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Hear Trent DJ
Trent will be playing at the Raves.com and Peace, Love & Beats sponsored event "Laid" in South Beach, Miami on Monday, March 8th at The Leslie Hotel. Click here for details.



























Trent is one of the next generation of electronic music stars on the rise. Without any formal musical training (unless you count hours of listening to the radio, playing his parents records and taping MTV with a hand held tape recorder) he's made a name for himself as a ultra-talented DJ and producer, with a successful music industry career propelling him along as well. Born December 15th, 1977 in Nawlins, Louisiana, Trent was vibing at clubs and raves when he was just 15. It's no wonder that this early and long lived passion for music, along with a supreme dedication to learn the art of DJing and production, is now coming of age with his latest release just out on Whoop records, it cajun style vocals a tribute to his New Orleans past.

It was at a chance meeting in a smoky Los Angeles club that hooked us up with Trent and his New Orleans crew for our upcoming Raves.com party in Miami (see sidebar at left for details) and we got the chance to talk to him via email to find out a little bit more about what shot Trent into orbit, from opening to Oakenfold to his own record label, his views on the club scene and music industry in the US, and what's on his musical horizon.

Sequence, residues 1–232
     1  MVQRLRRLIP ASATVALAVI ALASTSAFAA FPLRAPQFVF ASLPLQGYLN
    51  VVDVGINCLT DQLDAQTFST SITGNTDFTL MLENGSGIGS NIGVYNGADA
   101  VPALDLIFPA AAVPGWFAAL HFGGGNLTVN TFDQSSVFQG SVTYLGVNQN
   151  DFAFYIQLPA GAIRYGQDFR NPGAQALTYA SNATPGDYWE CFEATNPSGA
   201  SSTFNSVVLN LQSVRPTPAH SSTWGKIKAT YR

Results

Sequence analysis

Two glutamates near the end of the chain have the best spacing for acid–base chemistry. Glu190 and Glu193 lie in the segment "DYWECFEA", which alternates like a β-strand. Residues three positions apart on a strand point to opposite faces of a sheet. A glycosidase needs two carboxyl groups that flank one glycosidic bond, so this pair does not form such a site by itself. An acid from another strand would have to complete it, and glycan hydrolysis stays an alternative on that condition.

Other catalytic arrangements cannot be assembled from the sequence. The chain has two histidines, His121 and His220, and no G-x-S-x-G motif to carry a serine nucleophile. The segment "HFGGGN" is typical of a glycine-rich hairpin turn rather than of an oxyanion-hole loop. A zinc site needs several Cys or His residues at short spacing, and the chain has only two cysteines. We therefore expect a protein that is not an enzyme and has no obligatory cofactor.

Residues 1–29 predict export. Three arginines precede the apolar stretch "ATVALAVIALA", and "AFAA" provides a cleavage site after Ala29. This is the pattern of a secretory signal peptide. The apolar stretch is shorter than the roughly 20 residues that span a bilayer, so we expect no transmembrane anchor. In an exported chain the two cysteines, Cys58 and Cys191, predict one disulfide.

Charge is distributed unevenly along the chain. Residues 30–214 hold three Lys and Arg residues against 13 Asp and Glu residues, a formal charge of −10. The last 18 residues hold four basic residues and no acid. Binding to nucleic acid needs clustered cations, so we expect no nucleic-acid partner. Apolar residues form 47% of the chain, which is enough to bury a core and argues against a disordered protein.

Raves.com: What first made you want to be involved with music?

Trent Cantrelle: I am not sure really. Ever since I can remember music has always been a major part of my life.

When was the first time you heard electronic music?

My mom's disco records.

What was the first rave or club that you went to and what was it like?

First rave was around 1992 in some old building that was still standing because the termites were holding hands. I remember it being very dark and very loud. The whole illegal feel and vibe was amazing. First club was around the same time. I was not old enough to get in but I still did. I remember just standing by the DJ booth watching and trying to spot what records he was playing. I would keep a little pad in my pocket to jot them down then go and try to find the tunes. I was working in a teen club at the time, and I wanted to play what the bigger clubs were playing. The kids had no idea what they were listening to, but they liked it.